With its varied climate, beautiful nature and rich history, Turkey is a popular destination for foreigners looking to buy a home outside of their home country.
According to official data for the second half of 2020, home sales to foreigners increased by 4% compared to the same period in 2019. During the pandemic, home sales in Turkey fell slightly; however, recent data show that activity in the real estate sector has gradually risen.
In June 2021, sales to foreign buyers were the best January-June period ever, surpassing the 20,000 unit threshold for the first time. Sales during this period were up nearly 44% over the same period last year.
Turkey could be one of the best countries to buy a home… However, there are some details that need to be considered in order to make sure you are doing everything right.
Istanbul lawyer Elvan Kakıcı Shimsek explained that foreigners wishing to buy property in Turkey must pay attention to their legal rights in order not to become victims.
“There are some issues that foreigners wishing to purchase real estate should pay attention to in order to prevent problems that may arise due to foreigners’ ignorance of Turkish law and practice,” she said.
What you need to know
- In Turkey, transactions for the purchase and sale of real estate are carried out in the Land Registry, which is called Tapu Dairesi in Turkish. Purchase and sale transactions that are not in the Land Register are invalid.
“We recommend that foreigners who will buy real estate pay the sale price at the land registry when signing the tapu, which is the title deed. If they are going to have these operations carried out by a representative, and not personally, it would be advisable that they did it through a lawyer, ”said Shimshek.
When buying a property, a commission of 4% is charged, 2% for the buyer and 2% for the seller. These rates are calculated based on the selling price of the property.
- If the title deed for the acquired property cannot be obtained immediately, or if the property in question is still under construction, Shimsek recommends signing a promise to conclude a sales contract and notarizing it.
A notarized, notarized real estate sale and purchase agreement gives the buyer the right to go to court and transfer the property in his own name if title to the property is not granted in the future. Once the contract for the sale of real estate is signed by a notary, it should be taken to the Land Registry and a note should be made on the title deed. The real estate promise contract must be made with a notary, in which case the notary will charge a commission of 0.54% of the sale price.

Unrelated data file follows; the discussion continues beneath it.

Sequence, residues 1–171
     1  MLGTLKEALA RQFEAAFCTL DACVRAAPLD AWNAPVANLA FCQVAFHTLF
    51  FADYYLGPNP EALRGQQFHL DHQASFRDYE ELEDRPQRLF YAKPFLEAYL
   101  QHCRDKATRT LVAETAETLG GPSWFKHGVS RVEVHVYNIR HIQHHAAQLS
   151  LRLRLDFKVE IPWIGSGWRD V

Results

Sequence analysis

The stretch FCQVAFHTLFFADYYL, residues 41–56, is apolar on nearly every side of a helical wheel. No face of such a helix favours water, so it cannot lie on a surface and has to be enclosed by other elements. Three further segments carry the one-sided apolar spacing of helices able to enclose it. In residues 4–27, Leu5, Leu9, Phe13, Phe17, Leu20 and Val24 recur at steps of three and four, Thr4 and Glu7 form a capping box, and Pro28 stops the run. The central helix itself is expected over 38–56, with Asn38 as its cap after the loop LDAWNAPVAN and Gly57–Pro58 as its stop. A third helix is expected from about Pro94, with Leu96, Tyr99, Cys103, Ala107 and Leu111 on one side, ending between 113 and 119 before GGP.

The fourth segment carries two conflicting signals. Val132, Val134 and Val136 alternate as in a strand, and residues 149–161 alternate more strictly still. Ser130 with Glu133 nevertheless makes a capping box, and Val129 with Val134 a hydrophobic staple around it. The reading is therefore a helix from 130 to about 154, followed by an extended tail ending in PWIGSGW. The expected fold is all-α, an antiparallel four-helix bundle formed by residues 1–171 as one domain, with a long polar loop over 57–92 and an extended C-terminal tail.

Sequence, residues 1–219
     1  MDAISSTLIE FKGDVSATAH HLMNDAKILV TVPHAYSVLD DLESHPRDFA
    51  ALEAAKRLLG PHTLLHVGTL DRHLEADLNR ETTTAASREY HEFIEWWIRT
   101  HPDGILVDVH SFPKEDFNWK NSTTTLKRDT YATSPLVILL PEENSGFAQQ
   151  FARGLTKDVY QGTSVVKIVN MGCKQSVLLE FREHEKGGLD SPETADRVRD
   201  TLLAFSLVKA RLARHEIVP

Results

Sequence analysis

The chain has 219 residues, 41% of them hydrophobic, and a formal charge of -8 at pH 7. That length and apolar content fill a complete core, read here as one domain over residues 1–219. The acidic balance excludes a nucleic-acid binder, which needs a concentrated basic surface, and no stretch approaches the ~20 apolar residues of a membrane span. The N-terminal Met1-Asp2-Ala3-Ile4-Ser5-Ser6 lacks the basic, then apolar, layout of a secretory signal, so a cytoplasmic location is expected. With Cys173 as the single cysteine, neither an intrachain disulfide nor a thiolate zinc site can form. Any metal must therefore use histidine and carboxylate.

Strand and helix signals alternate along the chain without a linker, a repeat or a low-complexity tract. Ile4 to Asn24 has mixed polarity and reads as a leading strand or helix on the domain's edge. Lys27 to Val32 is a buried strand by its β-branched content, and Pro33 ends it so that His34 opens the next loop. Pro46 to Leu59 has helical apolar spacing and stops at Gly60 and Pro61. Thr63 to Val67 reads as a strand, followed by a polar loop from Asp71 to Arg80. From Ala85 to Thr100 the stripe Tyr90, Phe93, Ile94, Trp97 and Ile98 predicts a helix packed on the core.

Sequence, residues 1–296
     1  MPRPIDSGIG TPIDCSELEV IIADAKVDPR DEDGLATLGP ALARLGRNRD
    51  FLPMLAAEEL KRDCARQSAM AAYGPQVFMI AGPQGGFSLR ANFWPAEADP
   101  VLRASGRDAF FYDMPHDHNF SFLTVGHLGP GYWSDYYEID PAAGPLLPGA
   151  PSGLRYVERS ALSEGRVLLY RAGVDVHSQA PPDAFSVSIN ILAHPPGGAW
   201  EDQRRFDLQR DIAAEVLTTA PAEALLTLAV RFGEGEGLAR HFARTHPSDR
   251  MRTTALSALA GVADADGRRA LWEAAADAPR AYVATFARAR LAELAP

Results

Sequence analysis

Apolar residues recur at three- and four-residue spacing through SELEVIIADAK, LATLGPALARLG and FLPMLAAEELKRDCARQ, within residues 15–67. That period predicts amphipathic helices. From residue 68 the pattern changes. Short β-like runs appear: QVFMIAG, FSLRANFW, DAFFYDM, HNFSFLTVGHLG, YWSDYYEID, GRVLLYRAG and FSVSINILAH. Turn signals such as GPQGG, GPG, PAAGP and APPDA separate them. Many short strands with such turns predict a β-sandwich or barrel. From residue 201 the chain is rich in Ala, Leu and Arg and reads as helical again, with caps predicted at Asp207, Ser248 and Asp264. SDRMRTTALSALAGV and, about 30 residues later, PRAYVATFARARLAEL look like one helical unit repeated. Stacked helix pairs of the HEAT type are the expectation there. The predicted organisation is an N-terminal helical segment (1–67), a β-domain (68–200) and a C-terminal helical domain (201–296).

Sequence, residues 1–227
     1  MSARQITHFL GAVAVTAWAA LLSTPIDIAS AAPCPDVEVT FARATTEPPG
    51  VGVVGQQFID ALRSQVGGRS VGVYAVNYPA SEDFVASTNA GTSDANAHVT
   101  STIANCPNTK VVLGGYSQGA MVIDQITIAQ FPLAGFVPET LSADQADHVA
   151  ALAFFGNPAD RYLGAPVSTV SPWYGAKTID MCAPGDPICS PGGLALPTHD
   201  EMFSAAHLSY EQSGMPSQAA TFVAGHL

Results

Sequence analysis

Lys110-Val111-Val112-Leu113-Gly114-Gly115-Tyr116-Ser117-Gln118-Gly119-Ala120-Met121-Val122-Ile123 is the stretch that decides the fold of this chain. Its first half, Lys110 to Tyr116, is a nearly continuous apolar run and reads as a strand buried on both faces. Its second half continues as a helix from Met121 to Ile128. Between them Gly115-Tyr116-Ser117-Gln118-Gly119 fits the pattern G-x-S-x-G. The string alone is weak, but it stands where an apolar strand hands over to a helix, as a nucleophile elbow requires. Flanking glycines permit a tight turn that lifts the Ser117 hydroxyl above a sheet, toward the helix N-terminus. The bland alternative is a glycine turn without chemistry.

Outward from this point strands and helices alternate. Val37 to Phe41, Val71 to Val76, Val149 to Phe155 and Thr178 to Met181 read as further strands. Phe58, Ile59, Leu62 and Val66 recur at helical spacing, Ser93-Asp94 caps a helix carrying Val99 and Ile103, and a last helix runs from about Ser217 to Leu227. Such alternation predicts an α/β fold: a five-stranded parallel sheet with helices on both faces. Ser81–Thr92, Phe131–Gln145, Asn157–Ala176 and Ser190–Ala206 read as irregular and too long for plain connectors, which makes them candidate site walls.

- If the title deed for the property being purchased cannot be obtained immediately or if the agreement on the promise of the sale of the property cannot be signed with a notary, a written agreement must be concluded between the buyer and the seller, Shimsek added.
However, with this contract, you only have the right to demand reimbursement of the money you paid, – she said.
- Make sure you do your research before making any decision.
“Before making a payment, we recommend that you study the document confirming the ownership of the acquired property and find out if it has any security rights, mortgage or limited property rights. In addition, we recommend that you study the current zoning status of real estate, regardless of whether it is in military or security zones, ”said Shimshek.
To prevent problems that may arise due to foreigners’ ignorance of Turkish law and practice, Shimsek strongly recommends foreigners to use real estate lawyers to complete transactions.
“You should not work with people and companies that are not known for their reliability. In the event of a dispute between the parties regarding an immovable object, the situation should be brought to the attention of the judicial authorities, and the claim should be filed with Turkish courts, ”she said.
Is it possible to obtain citizenship after buying a house?
Well yes, but there are some conditions.
According to Turkey’s immigration program, you can obtain citizenship by purchasing real estate worth at least $ 250,000 (2.08 million Turkish lira). You are allowed to sell the property after three years and this will not affect your citizenship.